How design thinking can make the circular economy a reality
Design isn’t only about products – it can be applied to systems, too. Here, three design thinkers discuss how the right approach can accelerate the transition to a circular economy
PODCAST: Design thinking and the circular economy
How creatively applying design can save our planet
How can design thinking change business models, production models and banking to make an impact on how we use resources and change our world for the better? Three design thinkers share a roundtable discussion on how the circular economy and design thinking go hand in hand .
Design is a crucial tool in making the circular economy happen. Not only will it help us rethink products and how they are made, it will also help us re-shape systems in business and beyond.
"When we think about the scope of design, that has drastically shifted. With the circular economy we’re thinking about designing organisations to support their desire to have a circular impact."
Chris Grantham, Circular Economy Executive Director at Ideo
This idea, of more broadly applying design, is called design thinking. Applying design thinking could change an entire business model, including KPIs and how a company measures its value.
It could also mean redesigning how a business is owned and governed. This can allow companies to capture and create value differently.
Design could also reimagine industry – breaking down competitive barriers to build co-operative chains of creation, which squeeze every bit of value out of resources to help counter environmental catastrophe.
Alice Bodreau, Strategic Partners Manager for Europe at the Ellen MacArthur Foundation, says: “Circular design is a very important new way of applying design methodologies. But it is at its most powerful when you apply it with a business-and-systems thinking cap on as well.”
Alice cites French sporting goods chain Decathlon’s new rental model as an idea that has sprung from this new way of thinking. “It is much easier for me to rent a tent to go camping once a year than to buy one. At the same time, for companies like Decathlon there is an economical interest in those models.”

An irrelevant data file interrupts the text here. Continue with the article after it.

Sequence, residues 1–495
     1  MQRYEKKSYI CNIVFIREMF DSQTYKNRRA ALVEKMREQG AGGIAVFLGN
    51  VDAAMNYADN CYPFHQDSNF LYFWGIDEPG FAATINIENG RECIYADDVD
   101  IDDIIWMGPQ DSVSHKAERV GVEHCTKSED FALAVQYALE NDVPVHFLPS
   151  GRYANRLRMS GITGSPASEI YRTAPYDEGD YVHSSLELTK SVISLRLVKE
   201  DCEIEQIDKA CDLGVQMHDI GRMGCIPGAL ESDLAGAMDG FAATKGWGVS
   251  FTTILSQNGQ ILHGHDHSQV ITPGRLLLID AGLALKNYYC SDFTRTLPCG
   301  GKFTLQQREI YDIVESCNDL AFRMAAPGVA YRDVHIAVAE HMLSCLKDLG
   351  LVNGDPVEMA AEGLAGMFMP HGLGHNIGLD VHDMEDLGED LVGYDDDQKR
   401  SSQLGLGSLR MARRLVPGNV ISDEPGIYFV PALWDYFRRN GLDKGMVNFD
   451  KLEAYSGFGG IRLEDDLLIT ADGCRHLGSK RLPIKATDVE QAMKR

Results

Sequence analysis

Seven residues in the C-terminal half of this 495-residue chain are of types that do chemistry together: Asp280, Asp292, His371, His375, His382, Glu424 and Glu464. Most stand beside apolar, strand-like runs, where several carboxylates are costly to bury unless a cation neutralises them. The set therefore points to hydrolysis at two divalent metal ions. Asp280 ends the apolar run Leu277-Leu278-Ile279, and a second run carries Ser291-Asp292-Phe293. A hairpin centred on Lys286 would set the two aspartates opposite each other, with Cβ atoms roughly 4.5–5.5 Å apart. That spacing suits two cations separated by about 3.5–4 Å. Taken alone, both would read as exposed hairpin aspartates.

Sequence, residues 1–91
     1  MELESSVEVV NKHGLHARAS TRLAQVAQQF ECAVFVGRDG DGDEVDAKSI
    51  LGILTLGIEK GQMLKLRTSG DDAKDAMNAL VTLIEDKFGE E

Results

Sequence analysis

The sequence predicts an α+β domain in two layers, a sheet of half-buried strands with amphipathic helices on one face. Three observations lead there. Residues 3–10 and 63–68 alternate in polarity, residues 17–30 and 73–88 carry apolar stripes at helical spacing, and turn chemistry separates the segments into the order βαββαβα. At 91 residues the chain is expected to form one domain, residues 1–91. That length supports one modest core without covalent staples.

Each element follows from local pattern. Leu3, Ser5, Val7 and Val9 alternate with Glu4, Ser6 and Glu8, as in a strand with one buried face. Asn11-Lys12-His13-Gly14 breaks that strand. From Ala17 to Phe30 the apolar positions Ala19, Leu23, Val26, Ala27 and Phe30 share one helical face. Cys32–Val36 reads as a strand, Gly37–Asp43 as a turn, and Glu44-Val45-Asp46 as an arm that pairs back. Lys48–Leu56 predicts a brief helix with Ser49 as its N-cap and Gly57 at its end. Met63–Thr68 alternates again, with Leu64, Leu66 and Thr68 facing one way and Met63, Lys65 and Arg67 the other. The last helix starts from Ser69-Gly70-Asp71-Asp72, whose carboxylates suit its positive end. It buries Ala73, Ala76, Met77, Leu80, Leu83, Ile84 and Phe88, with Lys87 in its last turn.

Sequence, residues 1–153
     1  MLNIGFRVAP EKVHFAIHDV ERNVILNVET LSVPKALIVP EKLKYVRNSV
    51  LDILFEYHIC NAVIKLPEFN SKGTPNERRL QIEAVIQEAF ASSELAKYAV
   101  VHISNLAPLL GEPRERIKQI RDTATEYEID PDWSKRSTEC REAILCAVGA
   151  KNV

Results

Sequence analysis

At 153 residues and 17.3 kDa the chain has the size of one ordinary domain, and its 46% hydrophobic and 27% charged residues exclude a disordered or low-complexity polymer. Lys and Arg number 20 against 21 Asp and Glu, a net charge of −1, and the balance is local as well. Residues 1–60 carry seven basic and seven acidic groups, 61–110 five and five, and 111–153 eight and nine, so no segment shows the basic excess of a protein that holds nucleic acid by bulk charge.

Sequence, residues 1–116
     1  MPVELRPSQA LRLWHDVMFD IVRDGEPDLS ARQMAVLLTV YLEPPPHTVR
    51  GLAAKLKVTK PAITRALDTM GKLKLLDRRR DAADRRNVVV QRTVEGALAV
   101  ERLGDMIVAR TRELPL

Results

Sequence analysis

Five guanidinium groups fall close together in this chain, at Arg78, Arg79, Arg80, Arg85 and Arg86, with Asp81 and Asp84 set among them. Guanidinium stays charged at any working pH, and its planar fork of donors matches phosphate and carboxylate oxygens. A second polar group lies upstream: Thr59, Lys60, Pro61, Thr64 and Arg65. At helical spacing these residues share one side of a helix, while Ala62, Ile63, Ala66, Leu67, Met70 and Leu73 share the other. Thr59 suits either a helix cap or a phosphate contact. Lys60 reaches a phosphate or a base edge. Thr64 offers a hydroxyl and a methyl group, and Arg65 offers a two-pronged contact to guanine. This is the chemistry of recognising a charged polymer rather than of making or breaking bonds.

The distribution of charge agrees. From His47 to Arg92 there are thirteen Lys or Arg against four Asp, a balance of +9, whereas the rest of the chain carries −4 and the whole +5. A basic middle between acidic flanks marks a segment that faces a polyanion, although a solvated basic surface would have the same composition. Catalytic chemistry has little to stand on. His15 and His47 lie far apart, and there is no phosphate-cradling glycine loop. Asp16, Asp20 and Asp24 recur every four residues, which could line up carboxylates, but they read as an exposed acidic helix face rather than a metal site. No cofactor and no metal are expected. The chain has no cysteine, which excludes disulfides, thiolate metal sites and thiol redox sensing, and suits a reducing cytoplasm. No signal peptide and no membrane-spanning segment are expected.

The rental model means companies must think about products in a different way. Under a rental model, for example, mass market products have to be designed and manufactured for longevity rather than for the highest profit margin.
As the first financial services strategic partner of the Ellen MacArthur Foundation, Intesa Sanpaolo has thought a lot about the redesign of systems. Fabio Salierno, the bank’s Head of Service and UX Design, says: “Circularity can be considered a kind of framework that enhances features that are in the design thinking mindset. And it adds some new opportunity for the design of new services.
“When we design services, we try to apply a systemic approach. We take into account the reciprocity of any exchange; we try to consider elements from other systems that could give new value for our services.”
Intesa Sanpaolo’s most recent business plan, from 2022 to 2025, includes a significant contribution of €115bn towards society and the green transition, of which €8 bn of new lending allocated to the circular economy.
The bank has also launched an entirely digital bank, Isybank, to improve systems, reduce waste and give better outcomes for customers.